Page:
Molecular Epidemiology of Chicken Anaemia Virus in Sick Chickens in China From 2014 to 2015

PLoS One. 2019 Jan 18;14(1):e0210696. doi: 10.1371/journal.pone.0210696. eCollection 2019.

Abstract

Chicken anaemia virus (CAV), a member of the genus Gyrovirus, is the etiological agent of chicken infectious anaemia. CAV infects bone marrow-derived cells, resulting in severe anaemia and immunosuppression in young chickens and a compromised immune response in older birds. We investigated the molecular epidemiology of CAV in sick chickens in China from 2014 to 2015 and showed that the CAV-positive rate was 13.30%, in which mixed infection (55.56%) was the main type of infection. We isolated and identified 15 new CAV strains using different methods including indirect immunofluorescence assay and Western Blotting. We used overlapping polymerase chain reaction to map the whole genome of the strains. Phylogenetic analyses of the obtained sequences and related sequences available in GenBank generated four distinct groups (A-D). We built phylogenetic trees using predicted viral protein (VP) sequences. Unlike CAV VP2s and VP3s that were well conserved, the diversity of VP1s indicated that the new strains were virulent. Our epidemiological study provided new insights into the prevalence of CAV in clinical settings in recent years in China.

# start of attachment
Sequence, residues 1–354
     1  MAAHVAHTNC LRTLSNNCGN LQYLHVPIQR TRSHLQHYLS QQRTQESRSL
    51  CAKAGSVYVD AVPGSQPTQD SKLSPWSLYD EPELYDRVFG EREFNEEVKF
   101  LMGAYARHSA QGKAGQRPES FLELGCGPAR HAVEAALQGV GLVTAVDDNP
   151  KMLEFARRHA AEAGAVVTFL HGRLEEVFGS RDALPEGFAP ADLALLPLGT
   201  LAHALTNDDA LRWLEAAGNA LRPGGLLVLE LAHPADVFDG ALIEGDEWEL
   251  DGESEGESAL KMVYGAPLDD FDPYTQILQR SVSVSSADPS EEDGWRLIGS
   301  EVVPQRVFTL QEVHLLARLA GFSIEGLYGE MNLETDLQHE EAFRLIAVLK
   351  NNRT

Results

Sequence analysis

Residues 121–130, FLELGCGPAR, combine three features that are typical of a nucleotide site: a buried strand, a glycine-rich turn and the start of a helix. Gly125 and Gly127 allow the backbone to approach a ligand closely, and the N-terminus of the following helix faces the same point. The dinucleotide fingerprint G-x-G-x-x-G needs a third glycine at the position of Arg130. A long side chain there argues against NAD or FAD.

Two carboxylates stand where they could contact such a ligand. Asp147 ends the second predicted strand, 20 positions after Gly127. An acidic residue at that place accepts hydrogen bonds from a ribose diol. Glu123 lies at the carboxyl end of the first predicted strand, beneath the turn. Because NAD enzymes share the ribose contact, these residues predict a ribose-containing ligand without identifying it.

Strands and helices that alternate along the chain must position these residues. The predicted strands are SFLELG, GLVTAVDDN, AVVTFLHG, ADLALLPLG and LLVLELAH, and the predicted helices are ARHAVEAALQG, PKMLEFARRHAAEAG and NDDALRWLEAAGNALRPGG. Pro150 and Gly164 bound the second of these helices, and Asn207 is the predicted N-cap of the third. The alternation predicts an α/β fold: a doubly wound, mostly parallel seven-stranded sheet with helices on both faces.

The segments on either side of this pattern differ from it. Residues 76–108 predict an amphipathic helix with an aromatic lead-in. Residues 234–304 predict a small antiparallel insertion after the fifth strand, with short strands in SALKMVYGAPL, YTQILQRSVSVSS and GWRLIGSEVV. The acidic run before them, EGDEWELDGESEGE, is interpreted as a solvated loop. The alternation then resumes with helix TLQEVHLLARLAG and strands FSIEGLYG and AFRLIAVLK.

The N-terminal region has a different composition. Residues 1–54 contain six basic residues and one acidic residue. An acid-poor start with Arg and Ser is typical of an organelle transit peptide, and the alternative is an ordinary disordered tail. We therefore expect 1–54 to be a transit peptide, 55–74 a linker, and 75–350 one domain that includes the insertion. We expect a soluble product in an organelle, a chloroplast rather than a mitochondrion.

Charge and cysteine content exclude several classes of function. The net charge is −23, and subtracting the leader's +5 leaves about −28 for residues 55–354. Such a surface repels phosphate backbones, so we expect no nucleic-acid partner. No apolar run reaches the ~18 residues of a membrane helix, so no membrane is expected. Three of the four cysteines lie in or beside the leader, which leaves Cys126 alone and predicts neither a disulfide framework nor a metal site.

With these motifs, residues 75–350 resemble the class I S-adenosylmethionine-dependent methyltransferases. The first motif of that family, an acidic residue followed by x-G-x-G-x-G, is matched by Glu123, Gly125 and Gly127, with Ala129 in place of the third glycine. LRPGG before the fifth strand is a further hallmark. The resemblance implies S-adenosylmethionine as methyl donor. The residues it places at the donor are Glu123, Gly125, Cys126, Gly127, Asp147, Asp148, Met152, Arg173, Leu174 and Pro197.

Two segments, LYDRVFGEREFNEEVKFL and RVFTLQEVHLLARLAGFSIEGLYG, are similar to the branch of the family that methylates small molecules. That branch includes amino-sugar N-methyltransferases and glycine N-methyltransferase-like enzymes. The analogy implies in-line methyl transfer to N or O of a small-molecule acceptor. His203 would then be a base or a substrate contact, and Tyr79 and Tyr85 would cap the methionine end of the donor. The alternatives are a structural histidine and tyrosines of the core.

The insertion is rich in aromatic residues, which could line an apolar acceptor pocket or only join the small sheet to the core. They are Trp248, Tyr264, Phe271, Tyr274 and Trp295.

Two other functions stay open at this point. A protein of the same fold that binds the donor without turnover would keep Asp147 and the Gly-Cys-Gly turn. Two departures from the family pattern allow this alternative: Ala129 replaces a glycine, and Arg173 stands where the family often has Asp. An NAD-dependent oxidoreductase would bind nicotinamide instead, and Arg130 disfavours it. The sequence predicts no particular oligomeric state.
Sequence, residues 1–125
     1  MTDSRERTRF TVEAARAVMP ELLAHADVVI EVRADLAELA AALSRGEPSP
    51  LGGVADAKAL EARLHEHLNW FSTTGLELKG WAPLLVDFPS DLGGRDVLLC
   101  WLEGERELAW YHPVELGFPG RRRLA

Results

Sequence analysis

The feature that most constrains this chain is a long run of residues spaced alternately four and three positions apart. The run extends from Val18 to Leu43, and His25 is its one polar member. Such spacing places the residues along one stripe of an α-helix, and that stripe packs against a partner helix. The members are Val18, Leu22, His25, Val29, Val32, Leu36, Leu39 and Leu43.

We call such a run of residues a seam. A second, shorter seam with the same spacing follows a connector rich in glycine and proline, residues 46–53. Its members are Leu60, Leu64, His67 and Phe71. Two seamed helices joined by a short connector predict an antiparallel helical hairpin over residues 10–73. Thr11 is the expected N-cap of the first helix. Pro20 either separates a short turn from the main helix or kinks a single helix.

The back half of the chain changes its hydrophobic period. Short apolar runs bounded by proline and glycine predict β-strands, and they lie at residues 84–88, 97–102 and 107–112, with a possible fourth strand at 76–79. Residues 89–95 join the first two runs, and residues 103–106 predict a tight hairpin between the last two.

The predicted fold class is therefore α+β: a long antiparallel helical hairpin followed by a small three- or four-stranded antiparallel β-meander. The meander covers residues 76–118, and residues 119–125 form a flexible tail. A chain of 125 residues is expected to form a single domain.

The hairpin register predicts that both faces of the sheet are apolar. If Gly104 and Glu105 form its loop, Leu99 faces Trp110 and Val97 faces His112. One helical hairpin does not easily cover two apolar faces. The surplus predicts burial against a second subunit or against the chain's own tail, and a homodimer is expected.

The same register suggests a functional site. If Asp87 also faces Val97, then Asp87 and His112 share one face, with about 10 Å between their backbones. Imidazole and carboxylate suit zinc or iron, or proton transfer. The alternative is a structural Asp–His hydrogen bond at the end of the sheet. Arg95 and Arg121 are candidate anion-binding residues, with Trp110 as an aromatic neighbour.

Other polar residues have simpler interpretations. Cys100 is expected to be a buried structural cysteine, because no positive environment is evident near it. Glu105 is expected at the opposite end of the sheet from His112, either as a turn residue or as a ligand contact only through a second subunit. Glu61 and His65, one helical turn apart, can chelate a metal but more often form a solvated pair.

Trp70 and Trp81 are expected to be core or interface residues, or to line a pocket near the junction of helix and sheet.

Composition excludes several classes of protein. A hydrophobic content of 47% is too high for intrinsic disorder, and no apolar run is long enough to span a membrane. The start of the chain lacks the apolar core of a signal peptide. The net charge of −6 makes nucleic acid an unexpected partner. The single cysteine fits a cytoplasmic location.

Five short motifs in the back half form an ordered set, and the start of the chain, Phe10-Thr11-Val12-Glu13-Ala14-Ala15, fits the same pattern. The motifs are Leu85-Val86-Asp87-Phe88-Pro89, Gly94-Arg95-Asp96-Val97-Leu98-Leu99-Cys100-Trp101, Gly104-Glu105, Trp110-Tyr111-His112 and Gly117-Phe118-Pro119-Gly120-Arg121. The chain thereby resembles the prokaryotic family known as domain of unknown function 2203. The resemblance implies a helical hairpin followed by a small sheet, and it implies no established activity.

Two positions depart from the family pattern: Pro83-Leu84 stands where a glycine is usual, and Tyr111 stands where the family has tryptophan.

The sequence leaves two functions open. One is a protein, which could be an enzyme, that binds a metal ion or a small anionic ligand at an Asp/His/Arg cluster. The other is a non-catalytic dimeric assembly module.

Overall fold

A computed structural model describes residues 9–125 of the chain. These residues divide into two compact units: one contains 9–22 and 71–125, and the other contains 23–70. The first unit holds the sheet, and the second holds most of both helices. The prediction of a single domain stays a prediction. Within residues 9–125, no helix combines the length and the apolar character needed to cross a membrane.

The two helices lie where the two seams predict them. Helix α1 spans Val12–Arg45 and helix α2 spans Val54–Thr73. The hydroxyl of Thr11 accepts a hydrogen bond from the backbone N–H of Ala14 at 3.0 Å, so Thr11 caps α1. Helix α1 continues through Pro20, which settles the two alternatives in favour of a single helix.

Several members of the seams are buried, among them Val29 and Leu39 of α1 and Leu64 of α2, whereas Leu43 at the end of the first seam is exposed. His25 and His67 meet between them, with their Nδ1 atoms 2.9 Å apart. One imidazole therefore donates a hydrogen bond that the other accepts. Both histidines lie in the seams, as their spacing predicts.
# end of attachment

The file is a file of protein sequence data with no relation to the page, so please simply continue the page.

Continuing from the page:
Publication types

  • Research Support, Non-U.S. Gov't

MeSH terms

  • Animals
  • Chicken anemia virus / genetics
  • Chicken anemia virus / pathogenicity*
  • Chickens
  • China / epidemiology
  • Circoviridae Infections / epidemiology
  • Circoviridae Infections / virology
  • Molecular Epidemiology
  • Polymerase Chain Reaction
  • Poultry Diseases / epidemiology*
  • Poultry Diseases / virology*
  • Viral Proteins / genetics

Substances

  • Viral Proteins

Grant support

This research was supported by China Agriculture Research System (CARS-41-G15), http://www.zgrj.org/expert.asp?smallclassname=%B9%A6%C4%DC%D1%D0%BE%BF%CA%D2&SpecialName=%BC%B2%B2%A1%BF%D8%D6%C6%D1%D0%BE%BF%CA%D2, the funding institution was Chinese Ministry of Agriculture, and XMW was the recipient of the fundings. The funders had no role in study design, data collection and analysis, decision to publish, or preparation of the manuscript.